If you have a following on Facebook, Twitter and Google+ you could be forgiven for thinking you’ve got international social media covered. After all, the social media giants are everywhere, and web translation tools let everyone join in. Right?
This is true to some extent, but it’s not the whole story. Building meaningful customer relationships on an international scale needs a better approach than just hoping the right people will just show up.
Give your international social media presence a boost with these guidelines.
Know Your International Audience
Forget the scatter-gun approach of randomly firing out your message. You need to know who you want to reach overseas before you start communicating with them. After all, you won’t necessarily be targeting people just like you.
Who is your intended audience? Which countries in particular do you want to build a network in? Once you identify this, you’ll be able to focus your multilingual marketing on specific languages and geographic regions. You will also be able to take cultural difference on board, rather than expecting your audience to adapt.
Be Serious About The Language
It’s easy to get side-tracked by tools that promise to translate your message into every known language. But when you are building a reputation, you can’t afford the comical results that can result. Here’s why it pays to get serious about translation:
First you need a message that makes sense to your readers in their own language. If there’s something ‘off’, it’s going to be hard to build trust. That something could be poor grammar, spelling mistakes, the wrong synonym or even being too formal. For the small cost involved, a professional translation service can be invaluable here.
Second, you need your message to actually reach your audience. Choose keywords that work in your foreign market – whether its popular hashtags for your tweets, or keywords that give your YouTube video visibility. In some cases they will need to be translated, making it important to find the best fit. In others, the English word might be commonly used in another country, (e.g. technical terms in Germany). Google Trends is your friend in pinpointing what keyword to use where. Enter a term in the search box and it will not only show you its popularity but also regional interest on a world map.
For instance below is the trend of the topic of this article, International Social Media:
Strike The Right Note
Remember that social media networks are typically places where colloquial language is appropriate. However, what’s acceptable varies from one country to another. For instance the friendly manner that works for your network in New Zealand could be considered disrespectful in some Asian cultures.
Even within a country, the language you would use for college-age Koreans might be completely wrong for a fifty-something business contact in the same city. Consult a native speaker to make sure you get it right.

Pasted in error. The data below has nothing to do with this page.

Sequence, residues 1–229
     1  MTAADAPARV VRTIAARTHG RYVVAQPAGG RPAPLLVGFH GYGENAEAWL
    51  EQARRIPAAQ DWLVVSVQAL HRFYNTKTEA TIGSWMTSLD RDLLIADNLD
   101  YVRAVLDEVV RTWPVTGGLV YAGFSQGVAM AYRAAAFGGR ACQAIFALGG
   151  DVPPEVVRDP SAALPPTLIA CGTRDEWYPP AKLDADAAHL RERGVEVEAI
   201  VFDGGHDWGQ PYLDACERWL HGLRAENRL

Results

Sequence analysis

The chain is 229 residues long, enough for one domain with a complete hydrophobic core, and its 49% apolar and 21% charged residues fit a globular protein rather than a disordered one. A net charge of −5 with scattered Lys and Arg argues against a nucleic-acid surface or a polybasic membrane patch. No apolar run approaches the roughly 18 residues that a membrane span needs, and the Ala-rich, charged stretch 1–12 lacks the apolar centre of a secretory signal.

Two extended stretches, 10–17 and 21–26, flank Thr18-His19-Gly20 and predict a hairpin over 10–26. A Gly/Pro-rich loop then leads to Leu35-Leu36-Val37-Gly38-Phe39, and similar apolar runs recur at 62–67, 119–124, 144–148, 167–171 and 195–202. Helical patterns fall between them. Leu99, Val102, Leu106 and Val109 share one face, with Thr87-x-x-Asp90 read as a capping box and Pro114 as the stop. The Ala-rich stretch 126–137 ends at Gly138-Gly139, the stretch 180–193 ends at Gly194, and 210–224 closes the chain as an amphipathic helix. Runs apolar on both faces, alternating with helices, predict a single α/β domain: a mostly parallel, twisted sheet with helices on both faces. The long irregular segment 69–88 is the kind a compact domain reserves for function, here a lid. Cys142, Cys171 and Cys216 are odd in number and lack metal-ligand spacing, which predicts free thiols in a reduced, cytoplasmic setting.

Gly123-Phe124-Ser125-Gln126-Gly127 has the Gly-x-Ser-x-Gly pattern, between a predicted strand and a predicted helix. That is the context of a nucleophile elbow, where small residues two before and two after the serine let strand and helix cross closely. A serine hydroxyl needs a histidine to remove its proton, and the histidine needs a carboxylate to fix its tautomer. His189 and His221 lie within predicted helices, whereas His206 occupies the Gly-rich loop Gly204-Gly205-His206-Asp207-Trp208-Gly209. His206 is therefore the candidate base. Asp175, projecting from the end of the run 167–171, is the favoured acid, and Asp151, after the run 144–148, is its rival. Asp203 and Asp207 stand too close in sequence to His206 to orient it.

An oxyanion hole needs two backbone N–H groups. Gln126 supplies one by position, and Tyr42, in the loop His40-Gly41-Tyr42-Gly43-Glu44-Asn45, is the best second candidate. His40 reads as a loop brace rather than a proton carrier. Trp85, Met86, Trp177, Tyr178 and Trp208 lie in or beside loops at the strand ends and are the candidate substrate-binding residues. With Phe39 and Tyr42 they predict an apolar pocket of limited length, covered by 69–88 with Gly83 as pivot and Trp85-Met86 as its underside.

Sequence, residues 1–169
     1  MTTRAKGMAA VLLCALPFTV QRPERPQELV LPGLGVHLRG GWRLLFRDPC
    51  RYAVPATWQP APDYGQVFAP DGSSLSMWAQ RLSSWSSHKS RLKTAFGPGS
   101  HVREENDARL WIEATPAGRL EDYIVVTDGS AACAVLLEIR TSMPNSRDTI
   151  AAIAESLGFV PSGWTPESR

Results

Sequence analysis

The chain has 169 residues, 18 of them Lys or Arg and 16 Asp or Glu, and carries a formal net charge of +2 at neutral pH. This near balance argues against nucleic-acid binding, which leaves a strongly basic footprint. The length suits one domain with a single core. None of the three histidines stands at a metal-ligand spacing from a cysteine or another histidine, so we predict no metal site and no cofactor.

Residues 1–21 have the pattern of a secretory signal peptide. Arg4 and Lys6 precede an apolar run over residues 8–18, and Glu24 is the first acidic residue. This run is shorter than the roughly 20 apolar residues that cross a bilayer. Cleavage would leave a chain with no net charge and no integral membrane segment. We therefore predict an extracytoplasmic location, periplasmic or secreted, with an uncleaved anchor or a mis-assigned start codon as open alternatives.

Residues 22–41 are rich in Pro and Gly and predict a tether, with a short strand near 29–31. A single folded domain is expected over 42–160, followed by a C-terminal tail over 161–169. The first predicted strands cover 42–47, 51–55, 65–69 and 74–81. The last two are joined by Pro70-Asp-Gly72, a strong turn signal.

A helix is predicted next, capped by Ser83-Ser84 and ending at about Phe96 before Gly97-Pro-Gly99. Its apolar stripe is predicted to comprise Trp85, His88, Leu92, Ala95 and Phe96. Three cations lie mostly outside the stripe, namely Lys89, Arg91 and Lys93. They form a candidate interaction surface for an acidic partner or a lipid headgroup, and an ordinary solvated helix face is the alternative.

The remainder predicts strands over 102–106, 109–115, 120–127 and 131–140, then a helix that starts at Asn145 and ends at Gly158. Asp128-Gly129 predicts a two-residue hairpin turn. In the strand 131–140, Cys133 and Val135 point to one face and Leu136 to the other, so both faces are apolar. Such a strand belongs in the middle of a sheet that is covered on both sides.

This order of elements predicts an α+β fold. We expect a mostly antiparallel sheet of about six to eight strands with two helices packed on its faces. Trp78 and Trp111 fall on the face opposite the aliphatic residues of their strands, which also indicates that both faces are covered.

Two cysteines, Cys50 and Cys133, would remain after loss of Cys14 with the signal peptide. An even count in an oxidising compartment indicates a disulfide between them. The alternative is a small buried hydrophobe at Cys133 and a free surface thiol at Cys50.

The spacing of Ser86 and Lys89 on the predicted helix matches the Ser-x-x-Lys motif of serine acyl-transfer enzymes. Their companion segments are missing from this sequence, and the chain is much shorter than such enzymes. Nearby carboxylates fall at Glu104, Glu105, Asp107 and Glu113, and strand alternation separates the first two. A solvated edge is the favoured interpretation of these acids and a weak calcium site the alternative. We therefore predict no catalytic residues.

Show Up In The Right Places
Social media spans a range of communication technologies. Once you know who your target audience is, consider what types of message is most likely to engage them. Video can still make an impact, and pairing your words with eye-catching images tempts people to learn more.
Your next choice is which platform will work best for your overseas markets, particularly non-English ones. The largest social networks promote themselves as international but they don’t rule everywhere. Show up where your audience hangs out, whether that’s Orkut, Renren, or Cyworld.
The social media giants such as Facebook and Twitter could still be your best choice for many countries. Where this is the case, resist the urge to target multiple audiences and languages from a single account. One account per language or country might seem like more work, but will cause less confusion – and you’ll come across as more professional.
Keep It Relevant
Now you can turn your attention to that all important question: how to grab your audience’s attention? Keep an eye on trending topics internationally and consider how you can add to the discussion in a way that promotes your brand. Services such as What The Trend and YouTube Trends let you see what people around the world are talking about right now.
Bear in mind that what people are searching for can differ from the ‘official’ term. Again, Google Trends can be help you not only to monitor what’s hot and where, but also which words people are actually using to describe the trend.
Take Time To Respond
Ever been cornered by a bore who speaks at you without giving you a chance to join in? I bet you made a quick exit. Even the most fascinating topic loses its appeal when it’s a one-way conversation.
Interaction drives social media. Engaging people in discussion in their own language is a great way to build relationships. Make a point of answering questions and be especially ready to respond to negative feedback.
Use social media to show your foreign-language markets that they matter. With time and effort, you can turn a loyal international following from a dream to reality.
[Image: Visible Earth, NASA]